Monday, March 13, 2017

When people close to you attack you

Here's how Thomas Friedman began his column a little more than a year ago:
I find this election bizarre for many reasons but none more than this: If I were given a blank sheet of paper and told to write down America’s three greatest sources of strength, they would be “a culture of entrepreneurship,” “an ethic of pluralism” and the “quality of our governing institutions.” And yet I look at the campaign so far and I hear leading candidates trashing all of them.  
Donald Trump is running against pluralism. Bernie Sanders shows zero interest in entrepreneurship and says the Wall Street banks that provide capital to risk-takers are involved in “fraud,” and Ted Cruz speaks of our government in the same way as the anti-tax zealot Grover Norquist, who says we should shrink government “to the size where I can drag it into the bathroom and drown it in the bathtub.” (Am I a bad person if I hope that when Norquist slips in that bathtub and has to call 911, no one answers?)
Now, there is a tremendous problem with sloppy logic here. Donald Trump is running against pluralism? Not exactly. We wouldn't say that someone who opposes a certain kind of exercise is opposed to physical fitness. But there is a deeper problem than that and it's in the last line. Grover Norquist wants government to have much less influence over our lives and he used a colourful metaphor to describe that. Friedman wants Norquist to suffer.

And note that wanting smaller government is taken as being identical to wanting to shut down emergency services. Is Friedman actually so stupid as to believe that? Think carefully about your answer because if he isn't stupid then he is dishonest and manipulative.

I suspect that a big part of what motivates Friedman is fear. He can't imagine life without big government and so he engages in vicious and unfair attacks on people who think otherwise. A consequence of this way of thinking and behaving, however, is to shrink our sense of community. In Friedman's world there are good people who believe in big government (and Friedman can't imagine quality government being anything other than big government) and there are people he wishes would suffer because they have the wrong beliefs. That doesn't leave a lot of common ground.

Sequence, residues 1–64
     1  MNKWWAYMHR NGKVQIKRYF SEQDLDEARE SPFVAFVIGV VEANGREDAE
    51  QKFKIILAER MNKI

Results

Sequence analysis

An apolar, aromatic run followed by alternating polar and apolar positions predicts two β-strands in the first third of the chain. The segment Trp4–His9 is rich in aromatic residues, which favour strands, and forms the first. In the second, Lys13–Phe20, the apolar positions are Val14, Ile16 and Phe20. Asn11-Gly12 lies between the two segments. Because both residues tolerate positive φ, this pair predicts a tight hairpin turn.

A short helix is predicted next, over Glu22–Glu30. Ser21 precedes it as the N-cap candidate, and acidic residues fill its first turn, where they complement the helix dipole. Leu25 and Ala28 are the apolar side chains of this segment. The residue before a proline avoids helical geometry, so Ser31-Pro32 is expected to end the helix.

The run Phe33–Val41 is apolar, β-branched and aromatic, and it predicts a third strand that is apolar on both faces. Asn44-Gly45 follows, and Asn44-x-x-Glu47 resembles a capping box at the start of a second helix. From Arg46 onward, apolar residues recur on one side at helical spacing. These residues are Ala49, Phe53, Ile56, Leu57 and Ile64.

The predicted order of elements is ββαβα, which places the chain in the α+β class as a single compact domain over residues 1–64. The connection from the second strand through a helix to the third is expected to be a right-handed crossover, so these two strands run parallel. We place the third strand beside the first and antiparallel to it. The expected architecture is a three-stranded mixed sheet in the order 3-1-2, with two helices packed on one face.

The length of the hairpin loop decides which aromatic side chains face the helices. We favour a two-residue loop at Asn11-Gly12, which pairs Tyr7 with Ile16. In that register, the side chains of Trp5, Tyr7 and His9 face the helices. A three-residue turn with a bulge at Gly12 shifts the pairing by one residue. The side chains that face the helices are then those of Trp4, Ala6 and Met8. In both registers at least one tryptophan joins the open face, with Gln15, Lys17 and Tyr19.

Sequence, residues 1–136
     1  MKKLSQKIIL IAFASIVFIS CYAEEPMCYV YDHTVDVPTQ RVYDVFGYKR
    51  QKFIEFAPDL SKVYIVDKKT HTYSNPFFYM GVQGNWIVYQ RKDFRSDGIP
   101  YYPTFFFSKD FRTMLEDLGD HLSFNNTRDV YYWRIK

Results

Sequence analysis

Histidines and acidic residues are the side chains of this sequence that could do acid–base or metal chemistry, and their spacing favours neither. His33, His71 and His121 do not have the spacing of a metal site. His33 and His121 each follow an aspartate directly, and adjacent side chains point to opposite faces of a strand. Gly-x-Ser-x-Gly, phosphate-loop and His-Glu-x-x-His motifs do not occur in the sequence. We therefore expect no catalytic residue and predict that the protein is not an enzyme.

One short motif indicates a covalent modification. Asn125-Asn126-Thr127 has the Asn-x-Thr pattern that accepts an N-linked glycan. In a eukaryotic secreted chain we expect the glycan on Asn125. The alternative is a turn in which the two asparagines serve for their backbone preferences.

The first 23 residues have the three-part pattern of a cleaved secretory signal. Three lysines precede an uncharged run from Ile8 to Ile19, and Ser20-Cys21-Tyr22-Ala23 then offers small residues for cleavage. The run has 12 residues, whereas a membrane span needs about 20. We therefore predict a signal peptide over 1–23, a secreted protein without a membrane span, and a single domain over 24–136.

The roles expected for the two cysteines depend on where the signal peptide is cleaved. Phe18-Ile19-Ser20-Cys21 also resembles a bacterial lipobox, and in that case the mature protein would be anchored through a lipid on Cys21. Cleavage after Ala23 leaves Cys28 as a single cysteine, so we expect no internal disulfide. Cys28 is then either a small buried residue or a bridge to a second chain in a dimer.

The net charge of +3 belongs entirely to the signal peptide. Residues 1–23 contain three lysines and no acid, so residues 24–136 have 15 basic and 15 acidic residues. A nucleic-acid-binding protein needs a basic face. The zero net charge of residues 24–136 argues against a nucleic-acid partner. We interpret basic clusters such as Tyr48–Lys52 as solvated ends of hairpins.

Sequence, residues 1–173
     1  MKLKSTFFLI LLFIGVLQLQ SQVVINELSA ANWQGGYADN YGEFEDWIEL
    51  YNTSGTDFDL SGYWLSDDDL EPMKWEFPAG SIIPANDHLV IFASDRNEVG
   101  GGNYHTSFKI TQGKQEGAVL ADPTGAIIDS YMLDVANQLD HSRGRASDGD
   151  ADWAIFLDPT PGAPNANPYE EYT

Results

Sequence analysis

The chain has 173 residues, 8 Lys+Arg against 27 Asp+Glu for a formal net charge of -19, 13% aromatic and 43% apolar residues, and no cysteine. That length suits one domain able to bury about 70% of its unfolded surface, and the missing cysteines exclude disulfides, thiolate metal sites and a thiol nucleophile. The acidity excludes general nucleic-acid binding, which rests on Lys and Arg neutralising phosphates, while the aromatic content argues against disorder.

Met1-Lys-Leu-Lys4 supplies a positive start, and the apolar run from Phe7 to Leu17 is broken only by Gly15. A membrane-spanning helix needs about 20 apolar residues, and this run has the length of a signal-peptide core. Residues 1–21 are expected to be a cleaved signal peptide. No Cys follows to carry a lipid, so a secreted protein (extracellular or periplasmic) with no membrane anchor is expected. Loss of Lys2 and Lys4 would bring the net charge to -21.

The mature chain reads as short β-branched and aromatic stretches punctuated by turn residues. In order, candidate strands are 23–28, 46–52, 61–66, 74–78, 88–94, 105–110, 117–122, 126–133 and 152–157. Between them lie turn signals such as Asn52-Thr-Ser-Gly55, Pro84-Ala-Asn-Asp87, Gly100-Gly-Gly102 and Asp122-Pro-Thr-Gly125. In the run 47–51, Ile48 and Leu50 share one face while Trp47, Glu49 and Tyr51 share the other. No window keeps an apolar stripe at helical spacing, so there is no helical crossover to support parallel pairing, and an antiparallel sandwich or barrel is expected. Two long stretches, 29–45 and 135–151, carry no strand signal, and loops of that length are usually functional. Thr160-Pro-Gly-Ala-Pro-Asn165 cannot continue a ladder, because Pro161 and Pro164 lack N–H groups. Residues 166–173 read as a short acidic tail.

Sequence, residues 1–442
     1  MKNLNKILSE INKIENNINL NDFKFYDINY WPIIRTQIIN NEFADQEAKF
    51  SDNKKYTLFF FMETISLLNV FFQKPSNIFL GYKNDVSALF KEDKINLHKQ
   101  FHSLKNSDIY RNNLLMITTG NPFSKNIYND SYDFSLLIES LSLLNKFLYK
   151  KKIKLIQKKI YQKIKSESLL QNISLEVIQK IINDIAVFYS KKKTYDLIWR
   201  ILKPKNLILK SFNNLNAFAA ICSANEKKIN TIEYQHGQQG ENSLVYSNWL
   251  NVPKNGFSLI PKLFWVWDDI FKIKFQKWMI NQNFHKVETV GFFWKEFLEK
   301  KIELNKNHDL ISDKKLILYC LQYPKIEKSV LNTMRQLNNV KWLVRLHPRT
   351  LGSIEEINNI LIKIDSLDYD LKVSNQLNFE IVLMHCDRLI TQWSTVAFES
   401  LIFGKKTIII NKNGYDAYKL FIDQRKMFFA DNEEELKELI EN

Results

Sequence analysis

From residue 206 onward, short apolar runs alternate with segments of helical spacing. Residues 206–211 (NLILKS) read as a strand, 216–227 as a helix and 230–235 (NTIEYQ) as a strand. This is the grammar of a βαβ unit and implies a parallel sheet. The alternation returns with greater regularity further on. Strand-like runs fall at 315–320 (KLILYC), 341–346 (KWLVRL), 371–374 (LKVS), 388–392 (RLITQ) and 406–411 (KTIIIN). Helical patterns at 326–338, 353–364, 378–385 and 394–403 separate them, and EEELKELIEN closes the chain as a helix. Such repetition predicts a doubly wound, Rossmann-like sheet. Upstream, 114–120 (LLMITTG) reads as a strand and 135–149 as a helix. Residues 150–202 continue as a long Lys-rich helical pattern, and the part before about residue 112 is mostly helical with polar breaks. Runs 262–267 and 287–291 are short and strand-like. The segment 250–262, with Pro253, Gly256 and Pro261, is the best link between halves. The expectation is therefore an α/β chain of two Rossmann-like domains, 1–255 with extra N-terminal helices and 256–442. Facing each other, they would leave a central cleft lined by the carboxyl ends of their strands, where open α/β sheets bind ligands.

Social psychologists have long known that we present different faces to different people. We do this based on the level of commitment. Friedman may well wish Norquist, whom he doesn't know or care about, dead for simply having the wrong opinions but he is unlikely (I hope) to think the same thing if his wife or one of his children became a libertarian. He might wish that they didn't think this way and may even have heated arguments with them about it. But he'd still love them. If, on the other hand, he meets someone on the bus and they express such a view, he might decide to change seats. The degree of commitment to the person matters.

For that reason, we can usually be more open with the people closest to us. We can say what we really think and not worry that they are suddenly going to start yelling and screaming at us or that they will stop speaking with us. But what if they do just that?

Facebook is a particularly interesting test case for this. You present more or less the same face to everyone on Facebook. What does it mean if people who are supposed to be in your core group of close friends and family respond to your opinions with anger and threats to cut you off while others calmly accept your right to have these opinions? It means they aren't really your close friends or family anymore. They may even be your enemies now. It's nothing you did. They chose this. You don't have to do anything about that. I'd argue that you shouldn't do anything about it. I mean, you shouldn't retaliate or try to convince them to change their minds.

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